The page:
We put out the call for you to send us your questions for Toby Flood via our facebook page, and you replied in your droves.
Here is the full transcript, as the Newcastle Falcons star tackles each one in turn:
Q1 from Edn Bacon: You’re on ‘lockdown’/isolation with two other team-mates, who would they be and why?
Toby says: I would choose Logo Mulipola because he makes a very mean coffee – absolutely outstanding. I need that in the morning to get myself going, and then for the second person I think I’d need a bit of stupidity just to keep spirits up. Someone like John Hardie would be good – just to see him being John Hardie. It’s hard to explain for people who don’t know Hards, but I’d just love to see what happens to him. After three or four days I think he might just explode!
Q2 from Steven English: Was playing in France a new learning curve culturally, and in the style of rugby?
Toby says: Yeah, massively. It was so different but it was great fun. Culturally it’s so far from where we are – mainly because they’ve got the climate. Everything’s outside all the time, including eating, drinking and going for coffees with the boys. They love to spend a lot of time with each other, and when you look at the training it was also very different.
In England it’s very regimented, like ‘meeting, then training, then weights, then training again and another meeting’, and you’d try and get through everything as quickly as possible. In France you’d have two or three hours’ training in the morning, then literally everyone would stop for lunch for a good three hours. You’d then go back and do your weights in the afternoon and you were there til 3 or 4 o’clock, which was very foreign for me to begin with.
Rugby-wise, it was just so less structured than in the UK, and was almost entirely heads-up stuff. It’s great fun to do it that way, but at the same time when you’re in a game and you need one try in the last two minutes you’re kind of thinking ‘we should just have a play or a process we can turn to here so we can win this game’. They never really did, and it was all just off the cuff, but it was a lot of fun.
Obviously now that I’m back in the UK it’s a lot different, but I did take some bits from it. At Leicester before I joined Toulouse it was very regimented in terms of your pre-match routine, ie you arrived an hour and a quarter before the game, it was always this food at this time, this meeting at this time – and when I went to Toulouse the timings were never the same from one week to the next. It was always more relaxed before games in terms of your prep. When something you normally have isn’t there, it initially spooks you, and when I was younger I would have been freaking out a bit if I wasn’t at the ground an hour and a quarter before kick-off, or I wasn’t doing this bit of my warm-up at this particular time. In France you’re just so used to not having that routine that you kind of just shrug your shoulders and get on with it, so it’s been good for me in terms of not getting thrown when team buses are late, or you can’t get on to the pitch when you want to. It doesn’t really matter, and you just learn to adapt.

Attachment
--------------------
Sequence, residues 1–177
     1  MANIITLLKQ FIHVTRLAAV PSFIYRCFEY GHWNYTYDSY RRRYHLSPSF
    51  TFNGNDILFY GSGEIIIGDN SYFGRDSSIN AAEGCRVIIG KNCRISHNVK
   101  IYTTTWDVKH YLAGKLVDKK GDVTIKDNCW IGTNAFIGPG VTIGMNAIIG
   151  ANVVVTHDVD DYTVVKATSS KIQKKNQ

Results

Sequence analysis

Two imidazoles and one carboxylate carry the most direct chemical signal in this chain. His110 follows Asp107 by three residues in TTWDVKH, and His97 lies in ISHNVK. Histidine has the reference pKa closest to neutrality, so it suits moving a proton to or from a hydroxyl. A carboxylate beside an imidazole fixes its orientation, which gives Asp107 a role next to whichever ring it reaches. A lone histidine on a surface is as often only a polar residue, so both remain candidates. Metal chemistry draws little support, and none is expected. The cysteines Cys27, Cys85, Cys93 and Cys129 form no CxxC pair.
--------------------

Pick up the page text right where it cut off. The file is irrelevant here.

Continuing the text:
Q3 from Stu Bailey. Which back players through the history of rugby would you have liked to have played with?
Toby says: Martin Offiah – definitely. I was fortunate enough to play with some extremely good ones like Jason Robinson, who was pretty special. The classic one that I’m sure everyone would loved to have played with was Jonah Lomu, just an absolute legend. Tim Horan was properly good, and I know played a bit of Premiership with Sarries – you look at those guys and they just excite you. At the moment someone like Sinoti does that for players. I’m lucky enough to be in the same side as him, and when guys like that are in the mood and get their hands on the ball it just changes the whole dynamic of a game. The other one that’s just come into my mind is the old All Black fullback, Christian Cullen, and those are the kinds of players I love watching.
Q4 from Sharon Davidson. A couple of fun ones to keep it light. Bacon or sausage sandwich, with brown or red sauce? And what is your pint of choice with the boys after a Falcons win?
Toby says: I’d go sausage sandwich with red sauce. For my pint, we’ll go with a Beavertown Neck Oil. It’s an IPA type beer – one of those new posh ones. The world’s gone mad when I’m choosing something like that, but it’s really nice.